Canadian Science Publishing Covers
I am incredibly honoured to have some of my science-focused imagery currently presented on a number of scientific journals!
The Canadian Journal of Physics features a photograph of a very special translucent micrometeorite, measuring roughly a third of a millimeter in diameter. This particular extraterrestrial gem is composed of forsterite – otherwise known in its gemstone form as peridot. Hundreds of images stacked together using a 50x microscope objective, it’s one of the smallest subjects I have ever photographed. Illuminated to reveal surface textures as well as showcase the translucency with light shining through the space rock, it was also one of the most challenging subjects to light.
The Canadian Journal of Microbiology is showcasing an image of a mulberry leaf with a fungal infection, photographed using ultraviolet light which causes the subject to fluoresce. The leaf itself isn’t very fluorescent, but the fungus is; this leads to a complex interaction of light around the stomata and a “gradient” from living cells to dead ones across the frame. Photographed with a 20x microscope objective and focus stacked using continuous UV lights, this image was not without its challenges. Unlike a micrometeorite, living biological specimens tend to move on a small scale. The leaf had to be flattened on all sides just out of the frame to prevent as much movement as possible – curling due to being plucked from the tree and subjected to intense UV light and heat.
These images represent a segment of my professional work that leans heavily towards science and physics, while also trying to be as artistic as possible. I never expect images such as these to attract a wider audience – they are mostly intended to satisfy my own curiosities and passions and anyone else who may share them; it’s a small niche, but I enjoy the end results. To have such uncommon images featured in the covers of scientific journals? It proves something that I have been aware of for a long while: no matter how obscure your subject, in a world that is increasingly a “global village”, someone out there will find value in what you create.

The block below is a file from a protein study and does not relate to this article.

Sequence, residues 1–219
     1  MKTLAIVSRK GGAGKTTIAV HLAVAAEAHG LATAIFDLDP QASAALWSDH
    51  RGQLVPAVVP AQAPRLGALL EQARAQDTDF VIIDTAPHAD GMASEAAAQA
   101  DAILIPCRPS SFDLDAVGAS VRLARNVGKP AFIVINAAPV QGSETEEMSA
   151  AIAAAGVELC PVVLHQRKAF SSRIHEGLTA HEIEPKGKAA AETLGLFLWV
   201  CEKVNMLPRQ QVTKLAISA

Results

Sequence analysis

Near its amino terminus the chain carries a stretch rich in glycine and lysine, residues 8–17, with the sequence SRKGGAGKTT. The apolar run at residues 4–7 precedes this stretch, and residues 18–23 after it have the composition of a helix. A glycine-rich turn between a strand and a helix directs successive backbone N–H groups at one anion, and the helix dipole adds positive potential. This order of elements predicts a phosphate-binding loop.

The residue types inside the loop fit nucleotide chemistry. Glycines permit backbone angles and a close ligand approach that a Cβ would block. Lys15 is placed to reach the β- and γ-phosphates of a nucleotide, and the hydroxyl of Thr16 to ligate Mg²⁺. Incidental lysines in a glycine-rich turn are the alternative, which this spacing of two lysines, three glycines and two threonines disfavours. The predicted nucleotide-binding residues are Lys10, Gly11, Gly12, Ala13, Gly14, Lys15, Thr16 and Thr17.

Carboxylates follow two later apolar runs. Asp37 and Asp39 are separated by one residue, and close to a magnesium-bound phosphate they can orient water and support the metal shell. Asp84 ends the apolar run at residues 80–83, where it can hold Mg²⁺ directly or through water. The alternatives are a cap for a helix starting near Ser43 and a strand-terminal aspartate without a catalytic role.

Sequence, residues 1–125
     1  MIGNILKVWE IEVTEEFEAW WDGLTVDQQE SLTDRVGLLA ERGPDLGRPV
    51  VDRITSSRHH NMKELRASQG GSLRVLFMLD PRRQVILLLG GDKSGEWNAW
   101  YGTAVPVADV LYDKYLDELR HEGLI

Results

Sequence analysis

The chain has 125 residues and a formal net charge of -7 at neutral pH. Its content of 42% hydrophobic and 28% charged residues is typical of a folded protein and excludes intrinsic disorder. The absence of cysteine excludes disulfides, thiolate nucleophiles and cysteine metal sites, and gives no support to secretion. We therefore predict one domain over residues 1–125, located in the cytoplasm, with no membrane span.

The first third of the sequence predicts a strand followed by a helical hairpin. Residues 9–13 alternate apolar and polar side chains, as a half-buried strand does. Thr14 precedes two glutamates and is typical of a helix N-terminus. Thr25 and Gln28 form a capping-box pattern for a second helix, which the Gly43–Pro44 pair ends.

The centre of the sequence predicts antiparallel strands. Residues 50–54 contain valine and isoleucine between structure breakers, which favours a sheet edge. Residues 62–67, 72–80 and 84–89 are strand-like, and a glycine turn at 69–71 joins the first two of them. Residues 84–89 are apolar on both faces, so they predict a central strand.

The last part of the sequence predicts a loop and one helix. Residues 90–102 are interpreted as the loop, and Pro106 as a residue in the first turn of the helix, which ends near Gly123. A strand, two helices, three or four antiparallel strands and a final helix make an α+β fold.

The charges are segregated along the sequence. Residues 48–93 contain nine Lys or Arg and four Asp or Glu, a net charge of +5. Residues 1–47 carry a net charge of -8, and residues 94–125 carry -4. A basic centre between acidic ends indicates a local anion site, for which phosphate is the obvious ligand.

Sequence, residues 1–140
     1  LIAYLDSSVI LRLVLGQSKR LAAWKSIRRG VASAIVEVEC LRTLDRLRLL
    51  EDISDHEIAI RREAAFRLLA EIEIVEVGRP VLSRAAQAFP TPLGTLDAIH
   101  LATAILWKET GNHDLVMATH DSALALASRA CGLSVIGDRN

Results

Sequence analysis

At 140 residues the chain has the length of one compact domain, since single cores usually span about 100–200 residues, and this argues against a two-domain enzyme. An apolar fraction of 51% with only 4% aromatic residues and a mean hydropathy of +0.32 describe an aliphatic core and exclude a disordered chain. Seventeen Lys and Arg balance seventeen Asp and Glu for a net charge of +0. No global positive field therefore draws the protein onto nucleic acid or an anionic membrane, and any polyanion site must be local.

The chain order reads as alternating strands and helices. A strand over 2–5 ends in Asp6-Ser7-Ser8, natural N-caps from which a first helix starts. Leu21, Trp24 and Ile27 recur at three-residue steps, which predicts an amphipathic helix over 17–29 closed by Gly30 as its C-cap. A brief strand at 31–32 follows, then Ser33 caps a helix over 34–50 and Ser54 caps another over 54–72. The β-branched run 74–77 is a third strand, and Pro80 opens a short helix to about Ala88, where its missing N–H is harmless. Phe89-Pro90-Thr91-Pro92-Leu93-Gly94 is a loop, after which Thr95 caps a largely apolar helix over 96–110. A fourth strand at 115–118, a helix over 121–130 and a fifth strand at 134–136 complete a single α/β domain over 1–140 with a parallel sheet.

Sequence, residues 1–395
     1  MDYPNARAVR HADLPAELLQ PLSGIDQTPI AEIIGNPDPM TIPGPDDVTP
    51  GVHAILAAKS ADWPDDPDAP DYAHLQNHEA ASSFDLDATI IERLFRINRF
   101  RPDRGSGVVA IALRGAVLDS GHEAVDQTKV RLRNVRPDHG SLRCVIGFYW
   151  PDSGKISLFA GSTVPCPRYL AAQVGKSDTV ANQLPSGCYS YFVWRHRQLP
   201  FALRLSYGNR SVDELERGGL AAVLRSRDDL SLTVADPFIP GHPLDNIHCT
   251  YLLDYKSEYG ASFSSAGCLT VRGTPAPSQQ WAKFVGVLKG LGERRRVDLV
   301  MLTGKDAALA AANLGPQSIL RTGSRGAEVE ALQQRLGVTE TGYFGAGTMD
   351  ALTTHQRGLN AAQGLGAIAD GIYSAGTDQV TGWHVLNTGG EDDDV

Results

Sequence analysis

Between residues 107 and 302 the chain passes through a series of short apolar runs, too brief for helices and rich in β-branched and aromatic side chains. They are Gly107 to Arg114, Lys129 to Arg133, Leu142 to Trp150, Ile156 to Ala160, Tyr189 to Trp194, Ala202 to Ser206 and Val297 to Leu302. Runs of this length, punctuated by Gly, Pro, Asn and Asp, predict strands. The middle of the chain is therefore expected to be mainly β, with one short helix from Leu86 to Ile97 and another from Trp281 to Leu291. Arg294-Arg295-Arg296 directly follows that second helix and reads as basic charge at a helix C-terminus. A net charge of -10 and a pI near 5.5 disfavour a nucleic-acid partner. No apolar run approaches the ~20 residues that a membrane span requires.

To learn exactly how these types of images are created, I encourage you to check out my comprehensive guide to macro photography in the form of a 384-page hardcover book on the topic: www.bhphotovideo.com/c/product/1637255-REG/don_komarechka... - as “niche” as it might seem, I dedicated a small section of the book to micrometeorites within the high-magnification chapter. Why? When I write a book and it’s self-published, no “higher-up business person” can tell me that certain subjects won’t sell well. :)
You can check out the journals here:
Canadian Journal of Physics: cdnsciencepub.com/journal/cjp
Canadian Journal of Microbiology: cdnsciencepub.com/journal/cjm